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Study in Ireland, Work in Europe: Ireland's National Framework of Qualifications

Do you want to work around Europe? With Ireland's National Framework of Qualifications system, the knowledge, skill and competence per qualification and education level are clearly defined. This allows other countries to see how Ireland's qualifications fit in with theirs, making it easier for employers to pinpoint your skills sets and competence.

Jennifer Aranda, Maximino Soliman Aquino | Originally posted on June 7, 2017; updated June 7, 2017

Study in Ireland, Work in Europe: Ireland's National Framework of Qualifications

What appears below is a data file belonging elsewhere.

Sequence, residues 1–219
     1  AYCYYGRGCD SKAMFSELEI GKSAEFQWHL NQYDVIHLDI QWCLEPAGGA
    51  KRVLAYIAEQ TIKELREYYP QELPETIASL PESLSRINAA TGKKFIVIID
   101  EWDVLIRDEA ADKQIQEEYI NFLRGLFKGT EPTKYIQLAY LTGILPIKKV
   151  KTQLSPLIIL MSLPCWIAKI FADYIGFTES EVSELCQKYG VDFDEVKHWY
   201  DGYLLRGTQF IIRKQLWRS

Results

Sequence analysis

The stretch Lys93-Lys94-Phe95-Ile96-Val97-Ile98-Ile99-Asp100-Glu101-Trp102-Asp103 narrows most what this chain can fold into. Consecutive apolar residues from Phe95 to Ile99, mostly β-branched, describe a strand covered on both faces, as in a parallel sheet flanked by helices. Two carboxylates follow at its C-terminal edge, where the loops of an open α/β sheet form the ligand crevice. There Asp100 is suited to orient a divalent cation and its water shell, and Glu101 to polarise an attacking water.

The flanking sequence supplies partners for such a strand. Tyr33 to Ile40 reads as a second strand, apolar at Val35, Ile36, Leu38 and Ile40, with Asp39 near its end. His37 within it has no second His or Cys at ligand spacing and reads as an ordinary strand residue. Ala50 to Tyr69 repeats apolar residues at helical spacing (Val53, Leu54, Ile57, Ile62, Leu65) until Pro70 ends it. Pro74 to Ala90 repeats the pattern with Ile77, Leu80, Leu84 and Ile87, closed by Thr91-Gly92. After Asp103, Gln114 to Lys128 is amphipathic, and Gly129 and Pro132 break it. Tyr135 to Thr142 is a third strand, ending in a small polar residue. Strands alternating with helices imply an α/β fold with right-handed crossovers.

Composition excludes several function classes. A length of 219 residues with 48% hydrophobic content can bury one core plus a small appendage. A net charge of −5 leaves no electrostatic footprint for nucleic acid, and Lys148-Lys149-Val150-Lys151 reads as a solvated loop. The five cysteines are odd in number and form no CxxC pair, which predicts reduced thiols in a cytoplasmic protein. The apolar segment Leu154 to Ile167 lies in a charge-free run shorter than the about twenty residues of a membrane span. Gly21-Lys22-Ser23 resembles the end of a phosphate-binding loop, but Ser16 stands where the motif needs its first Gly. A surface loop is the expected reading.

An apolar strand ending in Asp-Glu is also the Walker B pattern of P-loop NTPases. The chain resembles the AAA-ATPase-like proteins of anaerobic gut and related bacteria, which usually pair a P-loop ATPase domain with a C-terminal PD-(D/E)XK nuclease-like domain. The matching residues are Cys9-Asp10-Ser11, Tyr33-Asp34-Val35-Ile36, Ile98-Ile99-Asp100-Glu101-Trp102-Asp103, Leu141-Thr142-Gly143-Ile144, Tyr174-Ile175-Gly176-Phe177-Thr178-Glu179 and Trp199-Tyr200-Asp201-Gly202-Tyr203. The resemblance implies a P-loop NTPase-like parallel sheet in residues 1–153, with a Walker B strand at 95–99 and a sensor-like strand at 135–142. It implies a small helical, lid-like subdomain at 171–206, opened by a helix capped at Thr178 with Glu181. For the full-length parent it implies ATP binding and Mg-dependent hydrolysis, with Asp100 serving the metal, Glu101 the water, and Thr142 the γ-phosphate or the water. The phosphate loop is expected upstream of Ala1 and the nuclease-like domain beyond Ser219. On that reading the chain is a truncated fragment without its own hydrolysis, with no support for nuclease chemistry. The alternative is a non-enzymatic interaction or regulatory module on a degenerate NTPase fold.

Ireland developed and has been implementing a National Framework of Qualifications (or NFQ) system since 2003.  Ireland's NFQ has 10 levels of learning, each culminating in measurable achievements. 

With the NFQ system, the knowledge, skill and competence per qualification and level are clearly defined.  As an international student, you gain a clear understanding of what you are supposed to accomplish to successfully complete an education level and how to advance from one qualification to another.   

This national framework of organizing any number and variety of qualifications being developed or studied by over 150 countries, including Australia, New Zealand and the United Kingdom.  With a National Framework of Qualification and education standards in place, your qualifications may be recognized in other countries running a similar system.

Awarding Bodies

An awarding body is a national body that is authorized to bestow a qualification on a student in recognition of his learning achievements.